‘I think Hidden Voices has challenged our perceptions of ourselves (The Arboretum) and how really inclusive we are. It has also made us aware that other visitor groups (and perhaps even members of staff) retain an exclusive attitude to the arboretum. They are more comfortable with our traditional visitor profile and do not always embrace a wider social role or visitor profile’ Director of Westonbirt, The National Arboretum
Are you interested in growing your garden audiences and working with groups you have never engaged before? Although this endeavour may sound challenging and it does require commitment and dedication the results can be hugely rewarding. Read the Westonbirt, The National Arboretum’s Hidden Voices report to find out how you can adopt a collaborative approach to develop a project that will meet the community needs.
Watch the Hidden Voices video to get a snapshot of what was the project about by the participants themselves:
Hidden Voices aimed ‘to engage with communities that do not visit Westonbirt currently using a collaborative approach that enables everybody involved to develop a shared understanding of trees and what they mean to society.’ Based on research that identified audiences that were under-represented from their visitor profile Westonbirt selected the following Partners to collaborate for the project:
- Bristol Drugs Project; working with disadvantaged adults – an independent agency that works with drug users, their relatives and friends to reduce drug and alcohol-related harm
- Awaz Utaoh (Raise your Voice); working with communities from different ethnicities – works within Bristol’s South Asian communities to tackle issues such as community segregation / isolation
- Stroud Macular Disease Society; working with older people at risk of exclusion – provides support to anyone who has lost any degree of central vision through Macular Disease
In a period of six months the three groups visited Westonbirt on a monthly basis and the project concluded with the groups coming together for a final celebration which coincided with the renowned autumn colour. According to the initial plan the project was broken into distinct phases and was based on the principle of sharing responsibility for each session with the participants/group leaders so that each programme was tailored to the specific needs of the group. A key objective of the project was to explore/develop a more collaborative approach to delivery as opposed to the more traditional didactic approach gardens usually adopt with formal one-off education visits.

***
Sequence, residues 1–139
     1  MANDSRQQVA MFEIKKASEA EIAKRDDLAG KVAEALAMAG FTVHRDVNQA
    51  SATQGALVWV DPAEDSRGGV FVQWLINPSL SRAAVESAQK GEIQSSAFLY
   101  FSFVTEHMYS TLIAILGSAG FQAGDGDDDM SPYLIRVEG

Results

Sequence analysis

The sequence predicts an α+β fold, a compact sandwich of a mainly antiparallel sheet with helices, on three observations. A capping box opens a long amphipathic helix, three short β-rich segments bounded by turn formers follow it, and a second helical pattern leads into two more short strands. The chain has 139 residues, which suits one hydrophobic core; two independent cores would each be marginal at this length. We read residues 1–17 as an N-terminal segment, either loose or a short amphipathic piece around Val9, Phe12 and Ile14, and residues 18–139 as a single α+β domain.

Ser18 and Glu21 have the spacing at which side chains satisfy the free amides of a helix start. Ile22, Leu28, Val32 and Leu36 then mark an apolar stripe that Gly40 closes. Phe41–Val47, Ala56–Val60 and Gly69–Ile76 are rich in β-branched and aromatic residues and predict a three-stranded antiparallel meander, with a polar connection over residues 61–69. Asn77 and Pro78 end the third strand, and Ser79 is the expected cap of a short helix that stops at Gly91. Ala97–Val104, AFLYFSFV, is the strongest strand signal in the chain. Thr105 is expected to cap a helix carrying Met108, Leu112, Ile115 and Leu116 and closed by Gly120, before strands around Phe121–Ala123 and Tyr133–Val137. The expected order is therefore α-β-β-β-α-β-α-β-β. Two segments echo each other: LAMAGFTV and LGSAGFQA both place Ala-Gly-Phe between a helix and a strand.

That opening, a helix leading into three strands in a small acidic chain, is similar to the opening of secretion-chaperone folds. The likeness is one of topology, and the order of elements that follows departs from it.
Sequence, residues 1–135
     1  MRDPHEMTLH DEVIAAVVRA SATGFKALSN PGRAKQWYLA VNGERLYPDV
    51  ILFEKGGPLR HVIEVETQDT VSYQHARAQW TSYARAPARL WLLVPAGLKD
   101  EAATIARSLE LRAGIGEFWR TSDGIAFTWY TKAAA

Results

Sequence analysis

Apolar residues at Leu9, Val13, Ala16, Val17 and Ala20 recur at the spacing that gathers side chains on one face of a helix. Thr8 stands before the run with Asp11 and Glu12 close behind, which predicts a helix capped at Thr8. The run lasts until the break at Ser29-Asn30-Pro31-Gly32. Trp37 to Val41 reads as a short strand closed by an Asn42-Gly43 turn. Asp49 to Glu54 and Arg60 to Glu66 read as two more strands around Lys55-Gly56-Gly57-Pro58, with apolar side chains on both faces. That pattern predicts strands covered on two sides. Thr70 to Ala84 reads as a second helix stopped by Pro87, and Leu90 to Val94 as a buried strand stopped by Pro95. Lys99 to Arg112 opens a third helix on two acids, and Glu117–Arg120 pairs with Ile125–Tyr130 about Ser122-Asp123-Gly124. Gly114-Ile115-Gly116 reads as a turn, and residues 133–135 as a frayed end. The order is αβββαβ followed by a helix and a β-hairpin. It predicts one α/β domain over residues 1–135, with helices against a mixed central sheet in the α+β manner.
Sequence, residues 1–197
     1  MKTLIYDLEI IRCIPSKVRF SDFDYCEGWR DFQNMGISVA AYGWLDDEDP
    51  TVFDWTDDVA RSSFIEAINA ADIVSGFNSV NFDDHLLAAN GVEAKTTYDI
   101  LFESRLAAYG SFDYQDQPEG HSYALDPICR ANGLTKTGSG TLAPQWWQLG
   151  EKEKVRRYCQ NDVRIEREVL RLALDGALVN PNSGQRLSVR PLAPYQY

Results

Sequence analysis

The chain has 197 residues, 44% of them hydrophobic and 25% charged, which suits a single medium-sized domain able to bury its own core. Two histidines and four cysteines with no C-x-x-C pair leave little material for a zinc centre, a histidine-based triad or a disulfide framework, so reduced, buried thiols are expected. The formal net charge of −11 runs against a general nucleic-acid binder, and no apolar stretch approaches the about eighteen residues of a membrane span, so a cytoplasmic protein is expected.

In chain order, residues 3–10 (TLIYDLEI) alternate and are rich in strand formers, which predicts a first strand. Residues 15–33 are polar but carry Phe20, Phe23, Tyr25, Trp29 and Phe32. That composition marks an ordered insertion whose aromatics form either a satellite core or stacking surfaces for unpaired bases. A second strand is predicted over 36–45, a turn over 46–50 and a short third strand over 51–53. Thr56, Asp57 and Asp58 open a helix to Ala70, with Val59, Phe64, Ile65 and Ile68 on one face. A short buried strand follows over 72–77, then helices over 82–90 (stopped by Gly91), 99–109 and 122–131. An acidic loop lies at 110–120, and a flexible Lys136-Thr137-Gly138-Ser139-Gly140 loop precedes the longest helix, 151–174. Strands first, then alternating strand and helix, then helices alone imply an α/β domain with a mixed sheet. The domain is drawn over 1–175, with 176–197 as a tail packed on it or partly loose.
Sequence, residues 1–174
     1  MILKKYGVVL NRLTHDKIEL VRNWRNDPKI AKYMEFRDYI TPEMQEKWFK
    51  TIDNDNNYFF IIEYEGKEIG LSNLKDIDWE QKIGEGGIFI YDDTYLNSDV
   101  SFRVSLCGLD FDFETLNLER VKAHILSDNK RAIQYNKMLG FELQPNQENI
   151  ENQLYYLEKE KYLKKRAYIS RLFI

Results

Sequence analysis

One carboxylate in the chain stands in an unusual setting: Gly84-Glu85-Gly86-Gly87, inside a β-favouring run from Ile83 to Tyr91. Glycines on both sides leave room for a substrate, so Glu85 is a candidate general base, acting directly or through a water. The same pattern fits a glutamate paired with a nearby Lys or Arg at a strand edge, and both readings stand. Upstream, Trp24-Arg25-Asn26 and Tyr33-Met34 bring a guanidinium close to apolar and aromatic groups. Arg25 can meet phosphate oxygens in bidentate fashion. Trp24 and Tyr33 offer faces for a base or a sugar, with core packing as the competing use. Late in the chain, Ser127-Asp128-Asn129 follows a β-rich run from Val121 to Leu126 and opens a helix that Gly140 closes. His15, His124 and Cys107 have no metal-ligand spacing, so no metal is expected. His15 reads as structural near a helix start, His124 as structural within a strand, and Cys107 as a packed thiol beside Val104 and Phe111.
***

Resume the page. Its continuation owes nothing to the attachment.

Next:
As a result Hidden Voices had a strong impact not only for the participants but also for the staff and the organization as a whole. Indicatively, the project:
- Raised participants self esteem
‘I’ve really enjoyed taking part in the project, getting to try new things and meet new people. The site is uplifting and good for confidence building and to escape from the city’ Bristol Drugs Project participant
- Developed personal connections between the participants and Westonbirt
‘I’ve seen more trees, trees from my dreams that have now come true. Some of them I’ve seen back home; they are the trees from my dreams. And when I see a tree I like I want to share it with my children’ Awaz Utaoh participant
- Built a relationship between participants and Westonbirt and volunteers (community cohesion)
‘Most of all I have enjoyed taking part and feeling part of the show’ Stroud Macular Disease Society participant
- Changed staff perceptions of Westonbirt’s social role and challenged traditional views including volunteers’ opinion
‘Prior to the project the only experience I had of drug addicts was through the mass media. It is now clear to me how narrow and stereotyped this view was. Having now worked with them for 5 or 6 days, I realise that they are just like the rest of us. It has opened my eyes to a section of society that I’d deliberately avoided beforehand’ Volunteer with Bristol Drugs Project
- Enabled considerable team development on project management, sharing/negotiating session objectives and working with new audiences
‘This has been a steep learning curve – I have learned about project management strategies and techniques that have helped me to create clear pathways, visual representations of progression, and to gain an overview of the roles, tasks and timeline of nine different members of staff. It has helped me to see who can help support each aspect and when best to ask for that support, and to recognise gaps in my planning. I no longer need to try and hold all of this in my head!’ Westonbirt Arboretum staff
Find out more about the project, its successes and challenges and get inspired to work with your local community groups by reading the Hidden Voices evaluation report. Last, the report is an example of good practice on how to present a project’s impact which can be useful not only for improving future community projects but also for showcasing the value of this work for fundraising purposes.